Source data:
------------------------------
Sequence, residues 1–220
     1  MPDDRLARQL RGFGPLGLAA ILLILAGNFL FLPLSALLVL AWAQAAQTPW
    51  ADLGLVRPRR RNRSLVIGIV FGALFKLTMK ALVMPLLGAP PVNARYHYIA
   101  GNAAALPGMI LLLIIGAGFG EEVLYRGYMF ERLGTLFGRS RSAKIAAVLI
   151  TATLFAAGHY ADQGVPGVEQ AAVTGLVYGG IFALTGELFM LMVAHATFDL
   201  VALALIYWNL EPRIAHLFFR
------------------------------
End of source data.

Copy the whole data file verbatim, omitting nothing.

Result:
Sequence, residues 1–220
     1  MPDDRLARQL RGFGPLGLAA ILLILAGNFL FLPLSALLVL AWAQAAQTPW
    51  ADLGLVRPRR RNRSLVIGIV FGALFKLTMK ALVMPLLGAP PVNARYHYIA
   101  GNAAALPGMI LLLIIGAGFG EEVLYRGYMF ERLGTLFGRS RSAKIAAVLI
   151  TATLFAAGHY ADQGVPGVEQ AAVTGLVYGG IFALTGELFM LMVAHATFDL
   201  VALALIYWNL EPRIAHLFFR